The idea of walking distance

13 Aug

I really like Around the Horn. I like the banter, I like the intelligence of the arguments, even if they are presented as sound bites.

The show’s producer, Aaron Soloman, host, Tony Reali, and staff do a great job of sharing behind the scenes odds and ends on YouTube.

On Wednesday, they posted a video riffing off of ex-Clippers owner Shelly Stirling’s perks. Stirling is getting a fan’s golden parachutes as she and her estranged husband take leave of their team.

The chatter? About media perks and what is most important.

It’s all about being able to park. Only at the end does Bob Ryan make even a mention of the what should be the easiest solution to their problem – not having to park at all. But of course, when it comes to football stadiums especially, that’s often not an option.

That we’ve landed in such a spot, that makes me sad.

Norm Macdonald’s amazing story about Robin Williams

12 Aug

For those of you not on Twitter: Norm Macdonald is pretty excellent at the medium.

We all know how funny he is. His wit, his ability to set up even the simplest of lines, is among comedy’s best. He’s aware of his skill and shares ideas and concepts in a way that demands much of his audience but makes it easy on them at the same time.

You listen, you anticipate, you melt with laughter.

He also knows how to make a point. On Twitter on Monday night, the Canadian comic shared a story about the man Russell Brand described as “a geyser of comedy.” (Seriously, if you’ve missed Brand’s piece for The Guardian on Williams – go read it next. It’s remarkable.)

It’s a series of tweets, which I’ll link below:

Thanks, Norm. Hugs to you all.

Brendan Shanahan, Kyle Dubas and a fear of change

28 Jul

Fluto Shinzawa wrote a really great piece for The Boston Globe this weekend, called Toronto president Brendan Shanahan a forward thinker. I’m going to let it stand for itself (that’s why I’m posting it here) and not write much on it.

This is why teams repeat mistakes at the draft table, in trades, and on the free market. There are too many people who think about hockey the same way and don’t challenge each other to see the game differently.

There are no women. There aren’t many people of color. There are few who’ve worked in different sports, to say nothing of other industries. There are even fewer who haven’t played in the NHL. On-ice experience is just about a requirement for clubhouse entry.

This is nonsense.

Is the big key. It’s 100 per cent true. It’s something that baseball finally sorted out in the last decade. Soccer and rugby have examples of ‘trying something different’ in their recent pasts. Will hockey be next? If Shanahan and Dubas are successful – maybe.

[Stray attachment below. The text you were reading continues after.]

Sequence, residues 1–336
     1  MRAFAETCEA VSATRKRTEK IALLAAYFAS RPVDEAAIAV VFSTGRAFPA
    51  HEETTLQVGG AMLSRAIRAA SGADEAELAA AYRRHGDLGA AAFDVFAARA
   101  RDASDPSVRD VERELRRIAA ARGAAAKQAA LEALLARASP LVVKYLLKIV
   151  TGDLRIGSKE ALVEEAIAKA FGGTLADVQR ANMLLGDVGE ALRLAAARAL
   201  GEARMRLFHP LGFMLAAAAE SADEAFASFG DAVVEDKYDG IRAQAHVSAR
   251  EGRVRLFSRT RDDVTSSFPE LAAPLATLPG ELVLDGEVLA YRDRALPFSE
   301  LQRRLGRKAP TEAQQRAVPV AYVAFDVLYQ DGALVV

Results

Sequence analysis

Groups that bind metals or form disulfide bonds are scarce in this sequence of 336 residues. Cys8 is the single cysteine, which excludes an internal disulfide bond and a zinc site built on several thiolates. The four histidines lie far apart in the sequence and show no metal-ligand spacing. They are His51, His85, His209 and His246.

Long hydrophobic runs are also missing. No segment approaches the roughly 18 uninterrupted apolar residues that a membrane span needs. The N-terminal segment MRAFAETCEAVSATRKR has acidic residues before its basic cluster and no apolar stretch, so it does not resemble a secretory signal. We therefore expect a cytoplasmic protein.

Anyway, give it a read.

A very, very interesting concept from Pittsburgh sports writer Dejan Kovacevic

21 Jul

Dejan Kovacevic, one of Pittsburgh’s most trusted names in sports journalism, is taking his personal brand in a new direction: he’s detaching himself from the Steel City’s legacy news outlets and starting up his own site.

As reported by the Pittsburgh Business Times, Kovacevic, who’s accumulated 55,000 Twitter followers, is convinced that the following he’s built over the years, writing for both the Post-Gazette and the Tribune Review, will go with him to his new site.

“I believe in the readership that I have,” said Kovacevic. “They’d followed me once from the PG over to the Trib. And I believe that there’s enough of a connection there that the more diehard Pittsburgh sports fan will follow again to this platform.”

The key here is that he’s going to charge a subscription rate, running between $1.50 and $4 a month, depending on how long a subscriber signs on for. He’s taking a huge gamble, hoping that the people who’ve come to know his work – many of whom were likely getting his work for free – will now be willing to fork over a small sum to keep it going.  (He’s also going to sell ads, but there’s still so little money in those that his subscriptions will have to pay the bills in the short term.)

But like many, he’s going with the metered paywall model, allowing readers to access up to 10 articles per month. Depending how much he files, that could be as much as a third of his monthly output. Most beat reporters these days write 1 or 2 stories per day, five days a week, so Kovacevic’s plan to write 3 or 4 columns per week plus bits and pieces seems a little light but he’s clearly putting his money where his mouth his, believing that what he has to say is much more important than how often he says it.d